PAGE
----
What it does not do is resolve the underlying copyright issues, according to The New York Times.
Jeffrey Toobin predicted this outcome some time ago in The New Yorker. And in his analysis, it's not good news for the rest of us.
“If Google says to the publishers, ‘We’ll pay,’ that means that everyone else who wants to get into this business will have to say, ‘We’ll pay,’ ” [Lawrence] Lessig said. “The publishers will get more than the law entitles them to, because Google needs to get this case behind it. And the settlement will create a huge barrier for any new entrants in this field.”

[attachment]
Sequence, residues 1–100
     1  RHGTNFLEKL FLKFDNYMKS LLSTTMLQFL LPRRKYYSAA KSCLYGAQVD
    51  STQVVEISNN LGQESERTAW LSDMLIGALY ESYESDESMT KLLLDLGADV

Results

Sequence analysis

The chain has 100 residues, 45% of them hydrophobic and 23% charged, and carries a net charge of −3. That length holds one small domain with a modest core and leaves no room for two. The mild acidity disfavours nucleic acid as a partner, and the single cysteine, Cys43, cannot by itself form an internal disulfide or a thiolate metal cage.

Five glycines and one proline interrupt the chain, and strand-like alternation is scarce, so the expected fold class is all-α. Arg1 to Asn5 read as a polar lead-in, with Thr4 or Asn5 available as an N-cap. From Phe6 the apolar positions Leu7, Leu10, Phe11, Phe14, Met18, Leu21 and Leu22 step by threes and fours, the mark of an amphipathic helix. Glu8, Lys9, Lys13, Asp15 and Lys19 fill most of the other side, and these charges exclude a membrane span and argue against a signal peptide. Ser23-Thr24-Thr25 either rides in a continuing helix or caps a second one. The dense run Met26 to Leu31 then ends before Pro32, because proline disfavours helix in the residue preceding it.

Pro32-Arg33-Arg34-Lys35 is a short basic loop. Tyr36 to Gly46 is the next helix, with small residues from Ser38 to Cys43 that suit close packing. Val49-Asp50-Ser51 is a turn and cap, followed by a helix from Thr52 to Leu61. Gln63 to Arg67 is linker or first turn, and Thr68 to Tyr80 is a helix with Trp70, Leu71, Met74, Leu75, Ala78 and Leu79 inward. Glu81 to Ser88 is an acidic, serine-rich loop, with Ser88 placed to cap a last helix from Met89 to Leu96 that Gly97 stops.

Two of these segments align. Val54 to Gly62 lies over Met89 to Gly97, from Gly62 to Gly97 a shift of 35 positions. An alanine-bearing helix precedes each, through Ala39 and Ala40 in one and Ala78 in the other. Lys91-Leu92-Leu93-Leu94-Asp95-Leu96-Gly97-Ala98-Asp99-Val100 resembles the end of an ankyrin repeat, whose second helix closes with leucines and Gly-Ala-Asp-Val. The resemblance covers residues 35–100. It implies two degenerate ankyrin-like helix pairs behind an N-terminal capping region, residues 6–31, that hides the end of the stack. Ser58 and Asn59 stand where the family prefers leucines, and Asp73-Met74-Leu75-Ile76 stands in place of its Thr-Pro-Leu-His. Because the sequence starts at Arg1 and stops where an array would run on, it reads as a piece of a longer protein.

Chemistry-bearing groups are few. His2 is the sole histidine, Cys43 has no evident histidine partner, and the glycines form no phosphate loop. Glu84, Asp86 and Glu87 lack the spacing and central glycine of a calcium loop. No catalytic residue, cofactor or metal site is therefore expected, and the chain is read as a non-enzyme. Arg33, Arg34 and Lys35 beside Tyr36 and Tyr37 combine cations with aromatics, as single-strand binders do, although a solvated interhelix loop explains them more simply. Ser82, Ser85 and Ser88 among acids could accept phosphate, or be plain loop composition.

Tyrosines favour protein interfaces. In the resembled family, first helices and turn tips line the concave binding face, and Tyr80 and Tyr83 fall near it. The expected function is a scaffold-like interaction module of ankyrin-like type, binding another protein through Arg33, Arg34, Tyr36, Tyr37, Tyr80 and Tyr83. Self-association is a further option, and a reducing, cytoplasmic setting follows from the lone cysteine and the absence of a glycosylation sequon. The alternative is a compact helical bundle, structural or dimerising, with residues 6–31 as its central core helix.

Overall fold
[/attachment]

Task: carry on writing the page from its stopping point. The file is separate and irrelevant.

In other words, a settlement could insulate Google from competitors, which would be especially troubling, because the company has already proved that when it comes to searches it is not infallible. “Google didn’t get video search right—YouTube did,” Tim Wu, a professor at Columbia Law School, said. (Google solved that problem by buying YouTube last year for $1.6 billion.) “Google didn’t get blog search right—technorati.com did,” Wu went on. “So maybe Google won’t get book search right. But if they settle the case with the publishers and create huge barriers to newcomers in the market there won’t be any competition. That’s the greatest danger here.”
The full settlement agreement - which is pending judicial approval - is available here.